Maine Movements for Black Life: a Documentary Film Series
Over the past year, the Movement for Black Lives has transformed many people’s understanding of policing, race, and inequality, as well as challenged our sense of what is possible. This movement has swept through many Maine towns and cities and posed important questions relevant to the Colby campus community. Moved by these mass mobilizations, Associate Professor Maple Razsa taught Global Studies 227: Visual Ways of Knowing (a Humanities Lab cross-listed in African American Studies, Anthropology, and Cinema Studies) as part of wider efforts to document these struggles at Colby and across Maine.
In the Fall of 2020, students in this course created short documentary films to learn from and contribute to movements for racial justice. Guided by antiracist and Black radical interventions, movements, and theorizing, students highlighted Black experiences in Maine through collaboration and partnerships with local organizations, activists, artists, and other community members. Some of the featured organizations and Maine residents in the films include Maine Inside Out, Maine Youth Justice, Malaga Island, Arabella LaDessé, and Ashley Page.
This class was further made possible by the generous support of African American Studies, the Center for Arts and Humanities, Global Studies, and the Office of Engagement and Community Partnerships.
The films’ themes resonate with a current exhibition at the Museum, Miracles on the Border: Retablos of Mexican Migrants to the United States. We encourage you to visit the Museum in addition to attending the screenings.
These films will be screened virtually on Zoom for the whole community during select times this spring. Each film will be presented by the filmmaker with a Q&A after the screening. No pre-registration is necessary; please use the provided Zoom links to access the virtual programs.
Thursday, April 8, 5:30–7 p.m. via Zoom
Lorne Carter ‘21, Jon Curtis ‘23, Jesse Higgins ‘21, Alaleh Naderi ‘21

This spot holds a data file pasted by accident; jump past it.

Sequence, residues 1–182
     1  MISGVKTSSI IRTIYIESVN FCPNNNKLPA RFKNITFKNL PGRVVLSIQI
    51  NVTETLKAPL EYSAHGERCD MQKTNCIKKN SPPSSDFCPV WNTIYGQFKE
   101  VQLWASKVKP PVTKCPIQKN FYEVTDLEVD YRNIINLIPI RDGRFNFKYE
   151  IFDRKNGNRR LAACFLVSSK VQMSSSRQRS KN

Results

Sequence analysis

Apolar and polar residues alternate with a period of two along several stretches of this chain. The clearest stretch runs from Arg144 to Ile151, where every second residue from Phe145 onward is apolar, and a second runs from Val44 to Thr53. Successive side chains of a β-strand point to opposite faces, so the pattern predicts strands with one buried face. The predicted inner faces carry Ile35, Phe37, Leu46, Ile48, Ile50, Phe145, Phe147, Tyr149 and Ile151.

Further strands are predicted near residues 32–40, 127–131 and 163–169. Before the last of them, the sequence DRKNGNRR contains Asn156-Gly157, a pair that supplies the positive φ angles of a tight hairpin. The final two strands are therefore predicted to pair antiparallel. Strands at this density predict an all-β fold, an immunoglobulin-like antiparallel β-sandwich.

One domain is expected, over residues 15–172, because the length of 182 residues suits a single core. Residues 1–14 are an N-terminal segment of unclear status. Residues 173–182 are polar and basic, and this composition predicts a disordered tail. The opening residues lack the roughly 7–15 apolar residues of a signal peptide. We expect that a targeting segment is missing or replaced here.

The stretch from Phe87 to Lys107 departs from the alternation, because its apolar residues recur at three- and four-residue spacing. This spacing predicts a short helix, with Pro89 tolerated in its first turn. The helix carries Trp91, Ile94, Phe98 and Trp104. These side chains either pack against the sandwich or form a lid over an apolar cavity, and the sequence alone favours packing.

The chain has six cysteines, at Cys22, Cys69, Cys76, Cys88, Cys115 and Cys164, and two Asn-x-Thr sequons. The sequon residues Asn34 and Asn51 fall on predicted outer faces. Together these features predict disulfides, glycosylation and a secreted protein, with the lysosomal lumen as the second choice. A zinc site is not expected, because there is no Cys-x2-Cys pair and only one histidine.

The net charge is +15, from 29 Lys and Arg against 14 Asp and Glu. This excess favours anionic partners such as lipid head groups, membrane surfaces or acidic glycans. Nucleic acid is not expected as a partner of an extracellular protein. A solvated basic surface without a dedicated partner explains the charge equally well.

Maine Youth Justice by Lorne Carter ‘21 and Jon Curtis ‘23:
Maine Youth Justice is a nonpartisan campaign to end youth incarceration in Maine and invest in a range of community-based alternatives that respond to young people’s needs, support families, and build community in support of community alternatives to youth incarceration.
- Shut Down Long Creek by Lorne Carter ‘21 (7 min) investigates the detriment of Long Creek Youth Prison on individuals and the community through the words of activists formerly incarcerated in the facility.
- Long Creek Visions by Jon Curtis ‘23 (7 min) then explores the possibilities for the community after the closure of Long Creek and how this money, land, and other resources can be utilized in realizing a better future for us all. What would you do with $15 million in your community annually? Youth activists tell us.
Maine Inside Out by Jesse Higgins ‘21 (We Play) and Alaleh Naderi ‘21 (Virtual Circle)
Maine Inside Out is a community of artists and visionaries with lived experience of incarceration and structural racism and their allies. We build, practice and share models for community change to build a world where everyone matters and belongs.”
- We Play by Jesse Higgins (5 min) is a visual poem response to an MIO internal prompt, “How do we play too much?”
- Virtual Circle by Alaleh Naderi (7 min)
A Broken System by Sophie Nact ‘23 (7 min)
Narrative of Robert Payzant, a formerly incarcerated biracial Mainer, and his experiences with the justice system after recently being released from the Department of Corrections.
Don’t miss the other films in this series: